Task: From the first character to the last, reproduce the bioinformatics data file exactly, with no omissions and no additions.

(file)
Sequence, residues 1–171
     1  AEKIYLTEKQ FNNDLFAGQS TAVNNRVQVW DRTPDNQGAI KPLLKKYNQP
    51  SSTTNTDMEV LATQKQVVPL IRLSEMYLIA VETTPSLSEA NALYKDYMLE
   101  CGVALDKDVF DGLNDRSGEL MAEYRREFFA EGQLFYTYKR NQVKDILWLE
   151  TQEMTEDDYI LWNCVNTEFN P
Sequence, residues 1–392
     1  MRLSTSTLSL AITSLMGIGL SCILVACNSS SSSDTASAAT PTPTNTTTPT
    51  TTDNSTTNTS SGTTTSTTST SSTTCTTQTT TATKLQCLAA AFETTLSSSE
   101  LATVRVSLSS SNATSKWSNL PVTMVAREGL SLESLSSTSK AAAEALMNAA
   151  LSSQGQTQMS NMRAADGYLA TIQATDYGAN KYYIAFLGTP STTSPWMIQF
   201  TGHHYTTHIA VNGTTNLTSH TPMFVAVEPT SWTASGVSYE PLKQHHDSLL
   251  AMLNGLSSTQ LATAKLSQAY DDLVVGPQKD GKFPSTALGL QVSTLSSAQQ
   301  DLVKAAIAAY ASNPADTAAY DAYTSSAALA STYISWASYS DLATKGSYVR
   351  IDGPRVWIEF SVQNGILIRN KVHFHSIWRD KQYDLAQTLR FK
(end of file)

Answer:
Sequence, residues 1–171
     1  AEKIYLTEKQ FNNDLFAGQS TAVNNRVQVW DRTPDNQGAI KPLLKKYNQP
    51  SSTTNTDMEV LATQKQVVPL IRLSEMYLIA VETTPSLSEA NALYKDYMLE
   101  CGVALDKDVF DGLNDRSGEL MAEYRREFFA EGQLFYTYKR NQVKDILWLE
   151  TQEMTEDDYI LWNCVNTEFN P
Sequence, residues 1–392
     1  MRLSTSTLSL AITSLMGIGL SCILVACNSS SSSDTASAAT PTPTNTTTPT
    51  TTDNSTTNTS SGTTTSTTST SSTTCTTQTT TATKLQCLAA AFETTLSSSE
   101  LATVRVSLSS SNATSKWSNL PVTMVAREGL SLESLSSTSK AAAEALMNAA
   151  LSSQGQTQMS NMRAADGYLA TIQATDYGAN KYYIAFLGTP STTSPWMIQF
   201  TGHHYTTHIA VNGTTNLTSH TPMFVAVEPT SWTASGVSYE PLKQHHDSLL
   251  AMLNGLSSTQ LATAKLSQAY DDLVVGPQKD GKFPSTALGL QVSTLSSAQQ
   301  DLVKAAIAAY ASNPADTAAY DAYTSSAALA STYISWASYS DLATKGSYVR
   351  IDGPRVWIEF SVQNGILIRN KVHFHSIWRD KQYDLAQTLR FK